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  • 1.
    Brule, Emile
    et al.
    KTH, Superseded Departments, Chemistry.
    Pei, Yuxin
    KTH, Superseded Departments, Chemistry.
    Lake, Fredrik
    KTH, Superseded Departments, Chemistry.
    Rahm, Fredrik
    KTH, Superseded Departments, Chemistry.
    Moberg, Christina
    KTH, Superseded Departments, Chemistry.
    Chelating phosphines with C-2 and C-3 symmetry2004In: Mendeleev communications (Print), ISSN 0959-9436, E-ISSN 1364-551X, no 6, p. 276-277Article in journal (Refereed)
    Abstract [en]

    Antide formation between ring opened aziridines and 2-(diphenylphosphino)benzoic acid provides an easy access to chelating di- and triphosphines with C-2 and C-3 symmetry.

  • 2. Gonzalez, Nelida J. D.
    et al.
    Borg-Karlson, Anna-Karin
    KTH, School of Chemical Science and Engineering (CHE), Chemistry, Organic Chemistry.
    Pettersson Redeby, Johan
    KTH, School of Chemical Science and Engineering (CHE), Chemistry, Analytical Chemistry.
    Noziere, Barbara
    Krejci, Radovan
    Pei, Yuxin
    KTH, School of Chemical Science and Engineering (CHE), Chemistry, Organic Chemistry.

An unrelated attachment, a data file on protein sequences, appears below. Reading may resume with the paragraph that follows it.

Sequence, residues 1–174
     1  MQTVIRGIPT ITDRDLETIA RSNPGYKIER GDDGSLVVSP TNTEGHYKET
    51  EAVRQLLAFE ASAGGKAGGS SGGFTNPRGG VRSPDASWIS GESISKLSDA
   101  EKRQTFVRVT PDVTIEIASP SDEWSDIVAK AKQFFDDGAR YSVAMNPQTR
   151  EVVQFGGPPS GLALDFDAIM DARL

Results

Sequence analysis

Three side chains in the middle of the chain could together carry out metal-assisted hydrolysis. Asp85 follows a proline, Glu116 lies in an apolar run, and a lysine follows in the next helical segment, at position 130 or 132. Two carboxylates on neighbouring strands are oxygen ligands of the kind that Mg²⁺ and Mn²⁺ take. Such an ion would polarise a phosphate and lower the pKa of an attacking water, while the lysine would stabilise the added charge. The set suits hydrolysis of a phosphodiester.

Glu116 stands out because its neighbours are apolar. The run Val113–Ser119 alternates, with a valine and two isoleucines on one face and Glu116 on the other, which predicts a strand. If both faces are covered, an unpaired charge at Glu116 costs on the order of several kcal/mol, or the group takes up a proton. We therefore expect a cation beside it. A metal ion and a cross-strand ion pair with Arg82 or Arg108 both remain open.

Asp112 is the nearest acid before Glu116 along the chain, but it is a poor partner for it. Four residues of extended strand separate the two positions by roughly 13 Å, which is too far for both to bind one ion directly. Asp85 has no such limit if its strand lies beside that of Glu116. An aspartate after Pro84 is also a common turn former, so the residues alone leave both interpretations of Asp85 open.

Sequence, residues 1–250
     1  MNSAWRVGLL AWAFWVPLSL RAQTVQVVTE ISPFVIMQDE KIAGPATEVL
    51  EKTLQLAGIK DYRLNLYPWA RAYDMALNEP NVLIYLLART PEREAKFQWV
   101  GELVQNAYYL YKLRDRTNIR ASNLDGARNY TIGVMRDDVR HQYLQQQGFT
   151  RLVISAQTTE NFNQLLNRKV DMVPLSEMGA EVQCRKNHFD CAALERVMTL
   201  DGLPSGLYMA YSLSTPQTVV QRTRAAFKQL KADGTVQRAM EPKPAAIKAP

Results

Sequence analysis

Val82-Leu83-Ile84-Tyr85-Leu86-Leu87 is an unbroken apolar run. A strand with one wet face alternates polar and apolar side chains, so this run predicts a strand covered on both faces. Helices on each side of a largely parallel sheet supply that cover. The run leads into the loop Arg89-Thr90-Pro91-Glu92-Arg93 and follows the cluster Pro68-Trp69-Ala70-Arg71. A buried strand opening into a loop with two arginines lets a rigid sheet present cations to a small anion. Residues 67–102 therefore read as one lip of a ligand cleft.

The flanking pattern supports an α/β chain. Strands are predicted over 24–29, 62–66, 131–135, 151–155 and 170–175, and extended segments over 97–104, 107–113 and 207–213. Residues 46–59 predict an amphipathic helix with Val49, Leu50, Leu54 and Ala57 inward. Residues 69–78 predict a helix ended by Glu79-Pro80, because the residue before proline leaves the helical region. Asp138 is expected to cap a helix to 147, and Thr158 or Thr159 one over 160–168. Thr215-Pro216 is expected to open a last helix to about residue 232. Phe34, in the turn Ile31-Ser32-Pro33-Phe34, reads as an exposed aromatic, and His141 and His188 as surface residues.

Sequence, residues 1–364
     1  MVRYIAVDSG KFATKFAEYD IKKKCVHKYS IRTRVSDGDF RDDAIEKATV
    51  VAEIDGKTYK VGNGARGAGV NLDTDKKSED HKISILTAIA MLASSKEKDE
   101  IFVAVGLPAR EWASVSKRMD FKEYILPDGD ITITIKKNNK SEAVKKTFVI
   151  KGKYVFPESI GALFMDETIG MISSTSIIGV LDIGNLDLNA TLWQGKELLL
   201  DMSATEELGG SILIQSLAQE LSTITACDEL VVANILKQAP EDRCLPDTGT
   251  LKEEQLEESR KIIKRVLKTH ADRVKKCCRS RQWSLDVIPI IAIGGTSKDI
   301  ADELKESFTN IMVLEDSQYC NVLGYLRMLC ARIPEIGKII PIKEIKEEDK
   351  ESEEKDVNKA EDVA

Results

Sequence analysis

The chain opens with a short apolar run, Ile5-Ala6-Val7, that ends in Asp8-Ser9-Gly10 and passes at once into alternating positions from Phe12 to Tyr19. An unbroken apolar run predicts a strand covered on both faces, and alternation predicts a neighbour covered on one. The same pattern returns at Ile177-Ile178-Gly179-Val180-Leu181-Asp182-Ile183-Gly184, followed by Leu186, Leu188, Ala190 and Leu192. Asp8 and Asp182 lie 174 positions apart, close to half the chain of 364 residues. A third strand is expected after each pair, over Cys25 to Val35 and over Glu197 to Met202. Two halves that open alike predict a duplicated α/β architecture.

Dommen, Josef
    Prevot, Andre S. H.
    New method for resolving the enantiomeric composition of 2-methyltetrols in atmospheric organic aerosols2011In: Journal of Chromatography A, ISSN 0021-9673, E-ISSN 1873-3778, Vol. 1218, no 51, p. 9288-9294Article in journal (Refereed)
    Abstract [en]

    In order to facilitate the determination of the primary and secondary origin of atmospheric organic aerosols, a novel method involving chiral capillary gas chromatography coupled with mass spectrometry has been developed and validated. The method was focused on the analysis of 2-methylerythritol and 2-methylthreitol, considered to be tracers of secondary organic aerosols from the oxidation of atmospheric isoprene. The method was validated by performing various tests using authentic standards, including pure enantiomeric standards. The result showed that the analytical method itself does not affect the enantiomeric composition of the samples analyzed. The method was applied on atmospheric aerosols from a boreal forest collected in Aspvreten, Sweden and on laboratory samples obtained from liquid phase oxidation of isoprene and smog chamber experiments. Aerosol samples contained one enantiomer of 2-methylerythritol in significantly larger quantities than the others. In contrast, the liquid-phase oxidation of isoprene and its gas-phase oxidation in the smog chamber produced all enantiomers in equal quantities. The results obtained where the enantiomer fraction, EF, is larger than 0.50 suggest that 2-methyltetrols in atmospheric aerosols may also have biological origin. Information about the differences between enantiomer fractions obtained using this method brings new insights in the area of atmospheric aerosols.

  • 3. Grutters, Michiel M. P.
    et al.
    van der Vlugt, Jarl Ivar
    Pei, Yuxin
    KTH, School of Chemical Science and Engineering (CHE), Chemistry, Organic Chemistry.